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Academic Program Review


Academic program review encompasses both graduate and undergraduate programs. The process of preparing a self-study for the review provides faculty with the opportunity to reflect on data related to educational effectiveness.

Data provided by the Office of Assessment and Planning

As an integral part of academic program review, programs administer surveys to current students, alumni, and faculty. The Office of Assessment and Planning configures the surveys, prints paper surveys, provides a link to online surveys, and generates reports. The reports are included in the appendix of self-studies and the findings are referred to in the narrative.

The alumni survey is conducted once a year, typically around February. Programs participate in the alumni survey at least a year prior to working on the self-study. In order for the Office of Assessment and Planning to configure and launch the online alumni survey, programs need to send their programs' learner outcomes to Dr. Michael Ben-Avie. On behalf of the programs, the Office of Assessment and Planning then obtains the email addresses of each program's alumni from the Alumni Affairs Office. An invitation email to alumni that asks them to complete the survey is sent by the Office of Assessment and Planning as well as several reminders. To promote a good response rate, programs also send an email invitation a few weeks later.

The current student, faculty, and alumni survey are standard surveys that were developed by PRAC. The alumni survey is customized for each program by the insertion of each program's unique learner outcomes. With respect to the current student survey, which is a paper survey, programs have the option of customizing the background questions on the first page. The faculty survey is a standard, online survey and the office provides programs with a link to this survey, which they then forward to all the faculty in the program. The faculty survey is the same for both undergraduate and graduate faculty members.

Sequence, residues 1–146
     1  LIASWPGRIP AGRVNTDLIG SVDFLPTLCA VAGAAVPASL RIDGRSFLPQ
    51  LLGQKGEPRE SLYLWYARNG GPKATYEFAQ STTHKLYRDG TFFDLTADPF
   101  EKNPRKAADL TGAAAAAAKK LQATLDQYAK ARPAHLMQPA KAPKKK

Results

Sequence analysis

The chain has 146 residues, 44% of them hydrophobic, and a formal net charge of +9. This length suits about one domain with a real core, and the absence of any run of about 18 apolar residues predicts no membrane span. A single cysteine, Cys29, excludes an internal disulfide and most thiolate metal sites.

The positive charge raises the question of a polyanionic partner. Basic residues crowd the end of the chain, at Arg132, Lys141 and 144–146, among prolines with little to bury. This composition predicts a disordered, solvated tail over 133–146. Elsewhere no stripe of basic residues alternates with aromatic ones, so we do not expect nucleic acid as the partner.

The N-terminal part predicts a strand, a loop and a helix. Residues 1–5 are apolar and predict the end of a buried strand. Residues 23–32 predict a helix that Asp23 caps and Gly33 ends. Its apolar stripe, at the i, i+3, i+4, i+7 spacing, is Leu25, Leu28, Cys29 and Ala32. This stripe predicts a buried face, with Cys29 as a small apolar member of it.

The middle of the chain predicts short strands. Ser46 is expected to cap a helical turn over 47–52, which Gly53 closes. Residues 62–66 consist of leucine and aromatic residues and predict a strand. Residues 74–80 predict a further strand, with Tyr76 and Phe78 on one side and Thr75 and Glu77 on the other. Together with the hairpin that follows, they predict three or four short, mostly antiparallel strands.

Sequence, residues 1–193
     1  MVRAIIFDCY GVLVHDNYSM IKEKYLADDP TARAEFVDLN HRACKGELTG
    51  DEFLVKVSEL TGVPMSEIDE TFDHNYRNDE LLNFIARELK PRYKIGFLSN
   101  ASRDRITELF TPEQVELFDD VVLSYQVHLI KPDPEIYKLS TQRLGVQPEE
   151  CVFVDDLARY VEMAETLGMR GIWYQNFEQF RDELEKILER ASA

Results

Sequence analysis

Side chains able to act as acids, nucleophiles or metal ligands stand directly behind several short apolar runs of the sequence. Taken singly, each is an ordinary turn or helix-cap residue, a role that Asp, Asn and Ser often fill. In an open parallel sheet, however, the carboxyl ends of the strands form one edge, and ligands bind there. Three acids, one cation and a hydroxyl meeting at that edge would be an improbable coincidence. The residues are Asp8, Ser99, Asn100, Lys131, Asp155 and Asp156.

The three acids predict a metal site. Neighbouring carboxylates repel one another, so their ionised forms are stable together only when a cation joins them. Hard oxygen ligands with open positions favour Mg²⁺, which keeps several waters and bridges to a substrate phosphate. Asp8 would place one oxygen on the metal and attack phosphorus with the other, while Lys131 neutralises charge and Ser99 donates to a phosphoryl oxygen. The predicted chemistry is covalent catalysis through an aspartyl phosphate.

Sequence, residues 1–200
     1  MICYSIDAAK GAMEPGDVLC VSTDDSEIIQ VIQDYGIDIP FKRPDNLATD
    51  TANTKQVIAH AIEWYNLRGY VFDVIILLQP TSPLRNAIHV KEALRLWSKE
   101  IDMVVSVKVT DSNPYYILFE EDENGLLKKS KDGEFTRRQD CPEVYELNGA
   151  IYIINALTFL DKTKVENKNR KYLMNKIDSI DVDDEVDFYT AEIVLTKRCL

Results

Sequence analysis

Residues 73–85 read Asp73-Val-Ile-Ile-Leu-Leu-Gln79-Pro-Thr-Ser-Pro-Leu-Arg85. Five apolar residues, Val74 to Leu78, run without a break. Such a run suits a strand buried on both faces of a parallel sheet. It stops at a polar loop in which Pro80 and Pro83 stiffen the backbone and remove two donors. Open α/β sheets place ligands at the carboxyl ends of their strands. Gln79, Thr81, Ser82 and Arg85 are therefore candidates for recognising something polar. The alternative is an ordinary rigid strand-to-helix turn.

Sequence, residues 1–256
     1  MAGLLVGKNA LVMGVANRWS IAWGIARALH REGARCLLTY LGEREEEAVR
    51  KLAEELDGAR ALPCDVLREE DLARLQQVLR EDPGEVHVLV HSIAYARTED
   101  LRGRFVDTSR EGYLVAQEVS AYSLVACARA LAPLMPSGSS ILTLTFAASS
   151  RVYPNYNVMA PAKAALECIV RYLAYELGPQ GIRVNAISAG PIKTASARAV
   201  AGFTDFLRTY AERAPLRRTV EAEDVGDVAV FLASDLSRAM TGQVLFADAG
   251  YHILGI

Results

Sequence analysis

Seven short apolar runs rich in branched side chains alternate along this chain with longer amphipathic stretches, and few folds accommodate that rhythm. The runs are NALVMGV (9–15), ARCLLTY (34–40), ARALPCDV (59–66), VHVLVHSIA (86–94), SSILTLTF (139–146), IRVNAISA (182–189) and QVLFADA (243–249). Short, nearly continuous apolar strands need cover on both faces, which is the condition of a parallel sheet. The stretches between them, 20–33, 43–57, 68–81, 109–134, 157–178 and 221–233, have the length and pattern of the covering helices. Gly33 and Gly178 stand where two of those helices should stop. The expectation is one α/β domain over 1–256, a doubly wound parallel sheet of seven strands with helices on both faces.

Programs tend to benefit from meeting with Dr. Michael Ben-Avie to articulate their learner outcomes.

Data provided by the Office of Institutional Research

Data provided to the programs by the Office of Institutional Research comes from the course and student census files, created at the end of the 3rd week of the fall and spring semesters. The demographic report includes counts of majors broken down by gender, ethnicity, and enrollment status. The report also includes students' cumulative GPA and the number of students registered with the Disability Resource Center. The number of degrees conferred also appears. The graduation and persistence report tracks first-time, full-time freshmen and full-time transfer students over a ten-year period (calculating their one–year retention rate, four-year graduation rate, and six year-graduation rate broken down by whether they stayed in their original major or changed to a different major). The summary by course type report breaks down the program's section data into three categories: online, independent study/internship/thesis, and regular (all the other section types are aggregated in this category). The summary by course report breaks down the program's section data by individual course. The course information report (also known as the student opinion survey analysis) presents analyses by year of the last five years of student opinion data.

Preparing the report of the self-study

A necessary component of the self-study is the identification of learning outcomes and the use of data about student performance in order to make improvements to the program and to guide decision making. Programs provide a curriculum map or matrix demonstrating how the curriculum introduces and reinforces the skills, knowledge, and attitudes that students are expected to master. They discuss their strategies and methods for assessing student learning and/or performance ("How do you know your goals for student learning are achieved?"). They describe how student learning data are used to improve student performance and how data are used to inform departmental discussions and/or initiate changes to their programs.